Greater Cincinnati fund raiser

A Mentor Is A Special Gift


Written by Greg, a volunteer mentor with Big Brothers Big Sisters of Butler County

I first met Cody in March of 2009. He was age 9 and I was 32. The Big Brothers Big Sisters of Butler County staff shared that the main reason Cody and his mom were looking for a “Big” was because they wanted a positive male role model in his life. From the beginning, our relationship was easy.

One early moment of importance came as we were driving back from a late-spring afternoon at the Cincinnati Zoo. I asked Cody what his favorite part of the day was. As a self-proclaimed penguin-fan, he told me it was, “…seeing the penguins.” He asked me back & I truthfully answered, “Spending the day with you.” The always talkative Cody was literally speechless. Better still, he had a huge smile on his face and he was genuinely proud. My words had struck a chord with Cody. He does not know it – but his smile struck right back.

Mentoring is a great giftAs time passed, our relationship grew. I began looking for ways where I could help expand Cody’s horizons, while we were spending time together. I travel for work so I always make sure that Cody learns a little bit about each place that I go. We talk about different types of careers and the different things he may be able to do. We frequently talk about college and about the benefits a college education can bring.

In our match, I have tried to find the ‘balance’ between being “an adult” who tells him what to do and being “a friend” he can trust. So, this past summer, when Cody texted to tell me that he had tried to pierce his ear (without permission,)I was happy to know that he felt he could trust his ‘secret’ with me.

Cody is a great kid with a very generous heart and a mom that is a tremendously positive influence in his life. But, as he gets bigger, his decisions get bigger as well. And, like so many other adults out there looking out for teenagers, that reality makes me worry. So, Cody trusting me with his secret was a source of relief because it gives me hope that he may turn to me again down the road when he is in a time of need. And, all of that provides great insight into just how much my little brother has come to mean to me.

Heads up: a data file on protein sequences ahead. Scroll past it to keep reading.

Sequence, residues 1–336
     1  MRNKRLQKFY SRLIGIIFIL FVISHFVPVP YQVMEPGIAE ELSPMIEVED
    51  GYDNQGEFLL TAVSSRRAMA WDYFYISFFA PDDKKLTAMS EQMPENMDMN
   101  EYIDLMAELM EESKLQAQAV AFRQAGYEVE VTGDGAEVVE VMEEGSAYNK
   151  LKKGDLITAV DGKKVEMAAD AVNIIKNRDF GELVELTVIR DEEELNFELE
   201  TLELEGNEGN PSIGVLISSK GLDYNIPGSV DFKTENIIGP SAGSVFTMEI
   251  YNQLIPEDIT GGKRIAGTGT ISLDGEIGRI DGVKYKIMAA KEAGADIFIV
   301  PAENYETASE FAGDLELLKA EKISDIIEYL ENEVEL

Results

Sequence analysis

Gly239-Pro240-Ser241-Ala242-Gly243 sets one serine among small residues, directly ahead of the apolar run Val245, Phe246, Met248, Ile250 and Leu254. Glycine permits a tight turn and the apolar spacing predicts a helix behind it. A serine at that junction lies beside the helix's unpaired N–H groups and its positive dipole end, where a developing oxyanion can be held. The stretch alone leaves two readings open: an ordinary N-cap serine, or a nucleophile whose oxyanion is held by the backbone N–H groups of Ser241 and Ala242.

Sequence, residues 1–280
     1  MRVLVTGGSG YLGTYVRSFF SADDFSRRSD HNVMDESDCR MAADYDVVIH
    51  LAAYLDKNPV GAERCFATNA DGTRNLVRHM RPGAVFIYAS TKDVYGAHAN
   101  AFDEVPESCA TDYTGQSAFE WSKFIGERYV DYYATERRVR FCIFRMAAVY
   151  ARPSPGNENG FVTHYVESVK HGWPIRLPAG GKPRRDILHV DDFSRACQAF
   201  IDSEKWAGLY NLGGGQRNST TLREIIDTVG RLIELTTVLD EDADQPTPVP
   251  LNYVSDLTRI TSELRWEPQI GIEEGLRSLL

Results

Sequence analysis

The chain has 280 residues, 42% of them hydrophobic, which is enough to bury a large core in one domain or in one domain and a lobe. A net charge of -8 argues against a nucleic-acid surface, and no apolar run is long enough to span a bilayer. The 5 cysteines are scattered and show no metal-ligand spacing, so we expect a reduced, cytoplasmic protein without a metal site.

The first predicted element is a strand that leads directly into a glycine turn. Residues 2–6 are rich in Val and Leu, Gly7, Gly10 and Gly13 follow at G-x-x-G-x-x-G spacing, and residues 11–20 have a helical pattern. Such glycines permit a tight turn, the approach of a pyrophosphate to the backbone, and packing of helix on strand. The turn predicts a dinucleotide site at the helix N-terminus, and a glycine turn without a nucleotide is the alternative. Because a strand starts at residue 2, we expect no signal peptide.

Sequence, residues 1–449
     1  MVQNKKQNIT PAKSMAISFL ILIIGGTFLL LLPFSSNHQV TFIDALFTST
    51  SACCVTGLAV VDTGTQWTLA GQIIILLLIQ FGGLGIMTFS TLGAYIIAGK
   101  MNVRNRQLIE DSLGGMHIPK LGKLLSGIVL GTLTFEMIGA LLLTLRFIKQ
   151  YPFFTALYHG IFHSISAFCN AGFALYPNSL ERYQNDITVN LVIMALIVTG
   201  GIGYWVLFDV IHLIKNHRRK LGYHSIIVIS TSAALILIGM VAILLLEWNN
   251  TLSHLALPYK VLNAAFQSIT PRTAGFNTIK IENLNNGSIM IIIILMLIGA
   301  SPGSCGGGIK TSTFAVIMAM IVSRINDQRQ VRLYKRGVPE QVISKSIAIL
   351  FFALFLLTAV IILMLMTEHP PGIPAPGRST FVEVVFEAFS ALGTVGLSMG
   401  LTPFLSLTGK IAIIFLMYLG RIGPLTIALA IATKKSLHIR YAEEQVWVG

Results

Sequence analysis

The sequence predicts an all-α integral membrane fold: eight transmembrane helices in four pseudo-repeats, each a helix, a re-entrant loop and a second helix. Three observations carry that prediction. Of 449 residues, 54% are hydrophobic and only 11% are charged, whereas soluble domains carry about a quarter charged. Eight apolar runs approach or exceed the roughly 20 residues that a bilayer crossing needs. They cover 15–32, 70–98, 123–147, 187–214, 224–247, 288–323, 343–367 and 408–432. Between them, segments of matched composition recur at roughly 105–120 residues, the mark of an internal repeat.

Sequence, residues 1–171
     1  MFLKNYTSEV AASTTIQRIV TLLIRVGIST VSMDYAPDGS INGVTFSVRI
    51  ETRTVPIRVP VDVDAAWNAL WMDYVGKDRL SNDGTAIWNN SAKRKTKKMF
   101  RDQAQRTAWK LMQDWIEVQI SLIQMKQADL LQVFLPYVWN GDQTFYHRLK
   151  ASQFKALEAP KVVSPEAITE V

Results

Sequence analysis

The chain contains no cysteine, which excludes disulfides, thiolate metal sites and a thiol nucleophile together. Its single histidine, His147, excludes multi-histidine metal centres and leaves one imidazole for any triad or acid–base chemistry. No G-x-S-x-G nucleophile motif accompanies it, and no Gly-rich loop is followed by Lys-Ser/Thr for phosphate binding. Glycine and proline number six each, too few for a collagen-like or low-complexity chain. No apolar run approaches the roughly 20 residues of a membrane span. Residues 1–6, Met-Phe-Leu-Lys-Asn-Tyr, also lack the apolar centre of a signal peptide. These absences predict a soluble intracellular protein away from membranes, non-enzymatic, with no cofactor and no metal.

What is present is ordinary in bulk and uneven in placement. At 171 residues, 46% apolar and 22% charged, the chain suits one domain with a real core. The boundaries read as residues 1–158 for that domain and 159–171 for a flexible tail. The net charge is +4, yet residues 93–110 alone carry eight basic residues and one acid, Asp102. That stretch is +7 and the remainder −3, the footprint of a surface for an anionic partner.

Cody lost his “Papaw” (maternal grandfather) about 2 years ago. Papaw was the main male role model in Cody’s life and I got to know him through our visits when I would get Cody at Papaw’s home. Towards the end, Papaw was in a hospice care facility where Cody and I visited him with the family. And during one visit, Papaw took the time to express his sincere thanks to me for being there for Cody. It warmed my heart that my match with Cody could make that much difference to his Papaw. And, his appreciation only strengthened my resolve and commitment to be there for Cody in any way that I could be.

I have volunteered for many different charity-based organizations over the years, but I never found a scenario where I felt I made a true connection with the person(s) that I was helping, so I was always looking for more.   The Big Brothers Big Sisters program has provided me so much more than I knew to be possible. I came into the program because I wanted to give back, but I had no idea how much I would get in return.

How You Can Help

In addition to becoming a mentor yourself, you can help raise money for Big Brothers Big Sisters of Butler County by participating in Bowl for Kids Sake.

How can you get involved?  It is easier than ever…just follow these quick steps:

1.  Organize a team of 4-6 people

2.  Register here:

  • Saturday, March 9, 3:00 PM  Eastern Lanes, Middletown

3.  Raise money – It’s as simple as each team member asking for $10 from 5 people. They hope to see each team raise at least $50 per member (a total of $200-300 depending on how many people are on your team).

4.  Come enjoy the FUN!!  Come  bowl, get a great looking T-shirt, eat pizza, win prizes and celebrate all your hard work!

 Questions?  Contact Molly Jones at

or 867-1227 or 424-3397.







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